Reporting from Atlanta
A state consortium that is designing tests for the Common Core State Standards had been planning to design model instructional units for the standards, but it has decided not to do that, officials said at a meeting of states today.
Updating participants on the progress of the Partnership for the Assessment of Readiness for College and Careers, or PARCC, Allison Barr said that so many states are already working on making instructional units that the consortium decided that its energy would be better spent developing professional-development modules aimed at supporting educators as they create or adapt materials for their curricular units.
“This is a shift in focus from where we started,” said Barr, a senior program associate at Achieve, which is the project-management partner for PARCC.
PARCC’s intention to produce model units hasn’t been without controversy, as we told you when we reported the group’s plans to do this work—with federal Race to the Top funds—in January 2011. In the face of questions about whether one federally funded curriculum was going to be imposed on states in the consortium, its leaders were quick to clarify that the units were voluntary, and were just that—units, or pieces of a possible curriculum, not an entire curriculum in and of themselves.
Whether those sorts of political landmines influenced PARCC’s decision to shift focus wasn’t addressed at this meeting, hosted by the Council of Chief State School Officers for states implementing the common standards. (See our post yesterday on the meeting.) But the gathering did offer a forum for updates such as this one.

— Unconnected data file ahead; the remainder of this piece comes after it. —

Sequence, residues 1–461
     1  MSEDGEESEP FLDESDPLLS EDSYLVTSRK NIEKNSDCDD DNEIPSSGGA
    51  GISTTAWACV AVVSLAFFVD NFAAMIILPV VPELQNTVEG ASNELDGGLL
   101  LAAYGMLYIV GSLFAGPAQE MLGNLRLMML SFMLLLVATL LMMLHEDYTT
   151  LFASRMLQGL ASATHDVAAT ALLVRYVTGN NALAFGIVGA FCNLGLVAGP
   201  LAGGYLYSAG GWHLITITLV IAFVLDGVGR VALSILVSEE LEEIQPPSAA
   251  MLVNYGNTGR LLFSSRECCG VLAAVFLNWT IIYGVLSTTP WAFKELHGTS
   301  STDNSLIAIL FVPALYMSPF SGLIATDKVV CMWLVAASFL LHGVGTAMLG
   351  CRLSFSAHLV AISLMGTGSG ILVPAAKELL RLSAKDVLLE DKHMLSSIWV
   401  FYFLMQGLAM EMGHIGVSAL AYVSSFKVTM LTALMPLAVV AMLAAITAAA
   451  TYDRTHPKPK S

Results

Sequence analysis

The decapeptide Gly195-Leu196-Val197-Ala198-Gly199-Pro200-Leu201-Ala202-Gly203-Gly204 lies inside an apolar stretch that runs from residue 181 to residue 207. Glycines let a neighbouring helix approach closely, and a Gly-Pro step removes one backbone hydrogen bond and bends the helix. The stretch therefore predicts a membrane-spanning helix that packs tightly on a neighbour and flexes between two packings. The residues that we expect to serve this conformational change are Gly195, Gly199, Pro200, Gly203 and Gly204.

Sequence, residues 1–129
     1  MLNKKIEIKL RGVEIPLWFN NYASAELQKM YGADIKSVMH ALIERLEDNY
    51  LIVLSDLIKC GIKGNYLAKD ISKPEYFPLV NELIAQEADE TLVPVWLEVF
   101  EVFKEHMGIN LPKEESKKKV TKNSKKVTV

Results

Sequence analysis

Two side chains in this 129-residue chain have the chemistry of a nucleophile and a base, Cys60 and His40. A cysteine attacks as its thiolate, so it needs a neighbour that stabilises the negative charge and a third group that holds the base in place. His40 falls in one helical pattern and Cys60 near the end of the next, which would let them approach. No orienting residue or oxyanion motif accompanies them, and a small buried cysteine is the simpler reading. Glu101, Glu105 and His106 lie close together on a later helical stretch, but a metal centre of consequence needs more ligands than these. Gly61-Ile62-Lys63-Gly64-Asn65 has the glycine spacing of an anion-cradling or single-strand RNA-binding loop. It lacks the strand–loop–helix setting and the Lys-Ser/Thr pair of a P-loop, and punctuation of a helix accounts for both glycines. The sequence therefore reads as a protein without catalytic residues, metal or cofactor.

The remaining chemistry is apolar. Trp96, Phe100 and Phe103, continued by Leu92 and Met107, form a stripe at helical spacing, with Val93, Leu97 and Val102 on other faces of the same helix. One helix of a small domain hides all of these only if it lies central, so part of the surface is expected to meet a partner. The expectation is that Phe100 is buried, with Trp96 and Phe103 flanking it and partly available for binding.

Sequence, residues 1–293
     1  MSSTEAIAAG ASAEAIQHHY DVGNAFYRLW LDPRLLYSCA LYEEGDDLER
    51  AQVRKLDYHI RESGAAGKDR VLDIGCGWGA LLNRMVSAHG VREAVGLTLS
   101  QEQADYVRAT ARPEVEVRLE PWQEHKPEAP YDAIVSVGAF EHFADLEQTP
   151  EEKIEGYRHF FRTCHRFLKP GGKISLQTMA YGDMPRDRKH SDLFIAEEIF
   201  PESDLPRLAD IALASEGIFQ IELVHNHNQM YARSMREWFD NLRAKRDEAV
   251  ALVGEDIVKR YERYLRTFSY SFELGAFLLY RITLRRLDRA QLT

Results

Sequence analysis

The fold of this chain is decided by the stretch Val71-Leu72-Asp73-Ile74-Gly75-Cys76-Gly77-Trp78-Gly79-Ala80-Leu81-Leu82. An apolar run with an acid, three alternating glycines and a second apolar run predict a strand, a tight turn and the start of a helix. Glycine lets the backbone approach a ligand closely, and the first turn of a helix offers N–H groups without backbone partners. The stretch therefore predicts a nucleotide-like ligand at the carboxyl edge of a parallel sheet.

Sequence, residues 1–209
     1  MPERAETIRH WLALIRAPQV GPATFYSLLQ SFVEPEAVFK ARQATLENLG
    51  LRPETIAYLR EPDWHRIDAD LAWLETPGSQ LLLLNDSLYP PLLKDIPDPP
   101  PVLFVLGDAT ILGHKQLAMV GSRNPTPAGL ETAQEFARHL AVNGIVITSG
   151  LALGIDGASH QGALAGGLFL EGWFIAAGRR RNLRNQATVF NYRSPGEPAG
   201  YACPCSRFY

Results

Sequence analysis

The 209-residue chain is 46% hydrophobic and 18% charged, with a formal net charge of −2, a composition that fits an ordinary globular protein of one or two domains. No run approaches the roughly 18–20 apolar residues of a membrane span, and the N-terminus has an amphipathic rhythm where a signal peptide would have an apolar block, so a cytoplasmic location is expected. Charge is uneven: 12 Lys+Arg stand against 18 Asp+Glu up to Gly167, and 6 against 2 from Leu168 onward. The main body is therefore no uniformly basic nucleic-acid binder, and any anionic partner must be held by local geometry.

Additionally, PARCC reported that it is revising its model content frameworks, which generated truckloads of attention for the early signals they gave about the assessment system it’s designing. Those updated frameworks should be posted online this summer, said Tony Eitel, the director of assessment administration for Georgia, a PARCC state.
The other assessment consortium, SMARTER Balanced, offered its own update for the states. Lynette Russell, an assistant state superintendent in Wisconsin, outlined the group’s plans to create a bank of formative assessment exemplars. Group leaders are still trying to get educators to understand, she said, that formative assessment is not a pop quiz or some other fixed, formatted test, but a “process” aimed at getting feedback from students and adjusting instruction. SMARTER Balanced hopes the exemplars will help illustrate that process.
Those of you interested in checking the Requests for Proposals issued by SMARTER Balanced can see those on a special page of its website. Recent procurements for PARCC are listed on a special page of its website as well. It also has links to its procurement timeline, and descriptions of its current and planned procurements.
A version of this news article first appeared in the Curriculum Matters blog.